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Providing evidence to improve practice

Individual study: Tillage and seasonal emissions of CO2, N2O and NO across a seed bed and at the field scale in a Mediterranean climate

Published source details

Lee J., Hopmans J.W., van K.C., King A.P., Evatt K.J., Louie D., Rolston D.E. & Six J. (2009) Tillage and seasonal emissions of CO2, N2O and NO across a seed bed and at the field scale in a Mediterranean climate. Agriculture, Ecosystems & Environment, 129, 378-390


This study is summarised as evidence for the intervention(s) shown on the right. The icon shows which synopsis it is relevant to.

Soil: Use reduced tillage in arable fields Mediterranean Farmland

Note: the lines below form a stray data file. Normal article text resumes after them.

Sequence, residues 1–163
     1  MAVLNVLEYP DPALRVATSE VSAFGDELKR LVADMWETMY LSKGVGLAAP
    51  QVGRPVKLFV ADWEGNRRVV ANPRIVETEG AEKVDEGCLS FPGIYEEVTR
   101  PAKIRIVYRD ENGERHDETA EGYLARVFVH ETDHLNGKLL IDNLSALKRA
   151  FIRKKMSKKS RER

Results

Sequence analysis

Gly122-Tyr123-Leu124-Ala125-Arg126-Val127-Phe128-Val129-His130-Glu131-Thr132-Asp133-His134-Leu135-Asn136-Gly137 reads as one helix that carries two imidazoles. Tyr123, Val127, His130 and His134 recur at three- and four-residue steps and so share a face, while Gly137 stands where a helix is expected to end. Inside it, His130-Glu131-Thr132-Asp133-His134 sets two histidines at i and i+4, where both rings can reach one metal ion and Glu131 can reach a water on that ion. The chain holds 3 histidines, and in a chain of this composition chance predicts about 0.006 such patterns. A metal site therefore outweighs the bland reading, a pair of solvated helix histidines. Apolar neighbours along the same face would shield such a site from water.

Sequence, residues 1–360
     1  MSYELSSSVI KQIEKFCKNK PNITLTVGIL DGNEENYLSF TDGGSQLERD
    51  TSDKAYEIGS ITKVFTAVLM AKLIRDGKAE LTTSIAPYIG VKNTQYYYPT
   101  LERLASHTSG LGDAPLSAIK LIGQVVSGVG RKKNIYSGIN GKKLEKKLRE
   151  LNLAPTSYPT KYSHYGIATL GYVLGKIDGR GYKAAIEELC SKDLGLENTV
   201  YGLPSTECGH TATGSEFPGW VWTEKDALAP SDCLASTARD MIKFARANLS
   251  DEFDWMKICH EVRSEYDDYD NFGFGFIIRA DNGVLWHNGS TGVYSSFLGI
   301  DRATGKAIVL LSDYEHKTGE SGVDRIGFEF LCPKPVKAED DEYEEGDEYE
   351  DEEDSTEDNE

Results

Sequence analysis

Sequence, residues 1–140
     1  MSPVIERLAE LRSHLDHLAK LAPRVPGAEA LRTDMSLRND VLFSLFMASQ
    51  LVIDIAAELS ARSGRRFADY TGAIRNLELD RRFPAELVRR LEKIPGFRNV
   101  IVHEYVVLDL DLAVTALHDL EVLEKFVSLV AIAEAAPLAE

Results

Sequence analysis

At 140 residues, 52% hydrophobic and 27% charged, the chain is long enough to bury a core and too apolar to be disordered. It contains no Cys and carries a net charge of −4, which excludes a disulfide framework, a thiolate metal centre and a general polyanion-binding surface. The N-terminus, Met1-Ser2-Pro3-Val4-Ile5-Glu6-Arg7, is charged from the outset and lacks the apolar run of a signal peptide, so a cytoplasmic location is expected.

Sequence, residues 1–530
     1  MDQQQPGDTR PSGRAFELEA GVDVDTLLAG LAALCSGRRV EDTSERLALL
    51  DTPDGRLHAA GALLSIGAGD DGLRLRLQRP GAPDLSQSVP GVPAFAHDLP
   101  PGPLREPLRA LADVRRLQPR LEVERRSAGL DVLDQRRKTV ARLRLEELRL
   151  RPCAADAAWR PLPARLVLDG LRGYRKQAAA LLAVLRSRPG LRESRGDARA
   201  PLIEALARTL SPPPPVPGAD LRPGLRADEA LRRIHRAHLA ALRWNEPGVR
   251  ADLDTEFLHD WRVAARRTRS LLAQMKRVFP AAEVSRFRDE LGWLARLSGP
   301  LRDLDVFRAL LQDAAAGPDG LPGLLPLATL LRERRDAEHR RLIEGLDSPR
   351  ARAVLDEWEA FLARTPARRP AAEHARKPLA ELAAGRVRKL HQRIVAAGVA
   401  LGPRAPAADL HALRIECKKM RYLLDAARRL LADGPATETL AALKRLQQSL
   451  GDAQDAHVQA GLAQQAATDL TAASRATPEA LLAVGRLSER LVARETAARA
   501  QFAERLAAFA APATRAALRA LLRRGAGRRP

A controlled study in 2003–2006 in an irrigated wheat-sunflower-chickpea field in Yolo County, California, USA, found similar amounts of greenhouse gas in soils with reduced tillage, compared to conventional tillage. Greenhouse gases: Similar amounts of greenhouse gas (carbon dioxide and nitrous oxide) were found in soils with reduced tillage, compared to conventional tillage (3–14 vs 3–15 Mg C/ha/year; 2–9 vs 1–4 kg N/ha/year). Methods: Conventional tillage was used on one half of a field, and reduced tillage was used on the other half, in 2003–2006. Different crops were planted in different years (2003: fallow; April 2004: maize; May 2005: sunflower; November 2005: chickpea). Ripping (45 cm depth), disking (15 cm depth), grading, listing beds were used for conventional tillage. Herbicide, stubble chopping, mulching, and disking were used for both conventional tillage and reduced tillage. Both treatments were fertilized and irrigated. Greenhouse gases were measured with closed chambers, in several places (crop row, crop bed, bottom of the furrow, and side of the furrow), 1–2 times/month, in 2003–2006 (nine samples/treatment).